Are you having a little trouble hearing conversations? If so, you're not alone. An estimated 23% of Americans ages 12 and older have hearing loss. Although most of those people have mild hearing loss, for people ages 80 years and older, it's more common for hearing loss to be moderate to severe than mild.
But not only is moderate to severe hearing loss disruptive to one's life, it also makes you more likely to develop dementia. A new study helps explain why — and what you can do about it.
What did the new study look at and find?
A study published in JAMA focused on a sample of adults in the United States from the National Health and Aging Trends Study, which follows Medicare beneficiaries. The participants sampled were 70 or older.
The researchers found that about 33% of participants had normal hearing, 37% had mild hearing loss, and 30% had moderate to severe hearing loss. Dementia occurred least often among those with normal hearing (6%), more often among those with mild hearing loss (9%), and most often among those with moderate to severe hearing loss (17%). That's a large increase in risk, particularly for those whose hearing loss is moderate to severe.
What else to know about this study
The study sample was selected to make it possible to analyze subgroups by age and apply findings to a diverse population. The sample included additional participants ages 90 years and older, and additional participants who identified as Black. Of the 2,413 total participants, 53% were ages 80 years and older, 56% were female, 19% were non-Hispanic Black, 4.5% were Hispanic, and 74% were non-Hispanic white.
Also, unlike previous research, this study looked objectively at hearing loss and dementia. Prior research had shown that hearing loss is thought to account for about 8% of all dementia cases worldwide. Exactly why the connection exists is not known.
It's important to note that most large studies that found this link were based on questionnaires that people fill out. In other words, no one actually measured the hearing of those participating in the study to make sure that they had hearing loss — or that their hearing was really normal.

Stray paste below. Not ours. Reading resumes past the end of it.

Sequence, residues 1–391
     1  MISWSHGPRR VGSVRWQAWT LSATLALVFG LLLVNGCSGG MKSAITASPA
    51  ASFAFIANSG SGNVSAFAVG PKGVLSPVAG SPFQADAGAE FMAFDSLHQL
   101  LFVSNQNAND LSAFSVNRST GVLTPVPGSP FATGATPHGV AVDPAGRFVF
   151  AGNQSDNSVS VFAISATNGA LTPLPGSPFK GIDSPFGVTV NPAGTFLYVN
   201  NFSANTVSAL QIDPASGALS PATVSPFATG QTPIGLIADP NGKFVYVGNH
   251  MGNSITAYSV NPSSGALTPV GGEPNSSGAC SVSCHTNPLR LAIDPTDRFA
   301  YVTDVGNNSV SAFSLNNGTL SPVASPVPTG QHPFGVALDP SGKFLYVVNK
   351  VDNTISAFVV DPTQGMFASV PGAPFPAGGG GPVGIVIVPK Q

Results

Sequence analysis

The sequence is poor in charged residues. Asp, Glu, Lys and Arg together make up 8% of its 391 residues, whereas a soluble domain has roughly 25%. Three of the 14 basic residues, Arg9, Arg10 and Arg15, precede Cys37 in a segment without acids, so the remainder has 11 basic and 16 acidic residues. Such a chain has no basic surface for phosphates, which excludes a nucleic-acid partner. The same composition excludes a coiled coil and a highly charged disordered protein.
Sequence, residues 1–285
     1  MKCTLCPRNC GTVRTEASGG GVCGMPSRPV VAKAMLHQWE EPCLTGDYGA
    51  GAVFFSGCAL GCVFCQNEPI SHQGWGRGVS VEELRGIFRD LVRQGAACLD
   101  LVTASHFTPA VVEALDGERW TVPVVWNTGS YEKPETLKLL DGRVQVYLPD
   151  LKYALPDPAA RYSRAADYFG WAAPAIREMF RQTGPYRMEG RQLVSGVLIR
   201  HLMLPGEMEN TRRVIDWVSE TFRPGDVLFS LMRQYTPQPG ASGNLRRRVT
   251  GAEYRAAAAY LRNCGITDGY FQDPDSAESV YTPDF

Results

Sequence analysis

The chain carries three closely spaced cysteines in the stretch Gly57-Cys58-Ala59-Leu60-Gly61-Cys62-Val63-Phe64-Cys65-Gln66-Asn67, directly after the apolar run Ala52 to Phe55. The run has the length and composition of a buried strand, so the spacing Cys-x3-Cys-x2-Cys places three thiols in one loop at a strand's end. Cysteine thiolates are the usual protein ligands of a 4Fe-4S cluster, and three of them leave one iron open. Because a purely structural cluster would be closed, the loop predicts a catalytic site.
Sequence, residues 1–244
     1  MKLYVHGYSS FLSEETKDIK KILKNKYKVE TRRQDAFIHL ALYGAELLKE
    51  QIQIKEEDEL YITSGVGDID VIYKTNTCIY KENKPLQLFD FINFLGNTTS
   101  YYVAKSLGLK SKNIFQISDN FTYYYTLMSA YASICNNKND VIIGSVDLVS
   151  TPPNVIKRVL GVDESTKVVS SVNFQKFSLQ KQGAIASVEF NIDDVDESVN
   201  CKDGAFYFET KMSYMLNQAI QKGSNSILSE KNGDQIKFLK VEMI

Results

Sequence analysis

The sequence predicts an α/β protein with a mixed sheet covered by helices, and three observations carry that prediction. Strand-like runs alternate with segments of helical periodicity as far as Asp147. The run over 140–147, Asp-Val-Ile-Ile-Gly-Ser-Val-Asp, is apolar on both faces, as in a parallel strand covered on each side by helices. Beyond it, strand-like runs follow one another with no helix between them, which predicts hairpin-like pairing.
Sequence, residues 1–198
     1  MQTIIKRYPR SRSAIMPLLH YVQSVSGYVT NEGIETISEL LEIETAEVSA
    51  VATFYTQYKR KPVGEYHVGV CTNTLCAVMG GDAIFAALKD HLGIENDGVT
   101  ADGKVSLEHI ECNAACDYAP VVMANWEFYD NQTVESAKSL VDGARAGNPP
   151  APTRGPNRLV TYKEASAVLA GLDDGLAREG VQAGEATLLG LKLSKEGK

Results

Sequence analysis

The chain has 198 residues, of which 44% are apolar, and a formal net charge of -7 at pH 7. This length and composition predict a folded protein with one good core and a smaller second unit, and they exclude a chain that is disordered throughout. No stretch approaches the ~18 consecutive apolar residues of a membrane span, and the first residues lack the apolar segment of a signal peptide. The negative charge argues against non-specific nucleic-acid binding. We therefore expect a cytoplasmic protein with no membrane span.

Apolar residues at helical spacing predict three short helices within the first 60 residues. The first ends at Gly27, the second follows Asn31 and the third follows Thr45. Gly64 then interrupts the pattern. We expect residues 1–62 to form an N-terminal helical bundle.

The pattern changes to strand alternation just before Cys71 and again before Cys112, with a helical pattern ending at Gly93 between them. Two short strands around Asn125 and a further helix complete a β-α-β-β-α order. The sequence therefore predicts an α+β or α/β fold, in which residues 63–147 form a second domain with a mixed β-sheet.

In this new study, however, the investigative team used an electronic tablet-based audiometer to evaluate participants' hearing for four pure tone frequencies that are most important for understanding speech. So, for the first time in a large study, there was objective measurement of hearing loss.
How do hearing aids reduce the risk of dementia?
If you have hearing loss, does that mean you're doomed to develop dementia? Not at all. This study found that those with moderate to severe hearing loss could significantly reduce their risk of dementia simply by using hearing aids.
This research helps us understand why hearing loss causes dementia. Here's the connection:
There is increasing evidence that the more the brain is stimulated, the less likely it is that dementia will develop. When there is hearing loss, auditory stimulation is reduced. This, by itself, likely increases dementia risk. But even more important is that when an individual suffers from moderate to severe hearing loss, they are less likely to participate in social activities. Perhaps they are embarrassed about their hearing loss. Or they may simply find it unrewarding to attend a social event when they cannot hear what is going on.
It turns out that social activities are one of the best ways to stimulate the brain, as there is evidence that our brains evolved to facilitate social behavior. Given all this information, you won't be surprised to learn that reduced social activity has been linked to cognitive decline. Thus, this new study provides additional evidence that the reason hearing loss increases the risk of dementia is because hearing loss reduces brain stimulation — both directly and through reduced social interaction.
What to do if you have hearing loss
Don't let hearing loss raise your risk of dementia.
- Keep your ears clean. (But remember, never put anything in your ears smaller than your elbow. Ask your doctor if you're not sure how to clean your ears.)
- If you can't hear and you don't have hearing aids, get them. Hearing aids now available over the counter can help many people with mild to moderate hearing loss.
- If you have hearing aids, wear them.
- If your hearing aids aren't working, get them fixed.
- Don't be passive — ramp up your social life and other activities.
All these things will help to reduce your risk of dementia. And you might just find that, despite some hearing loss, you're enjoying life more.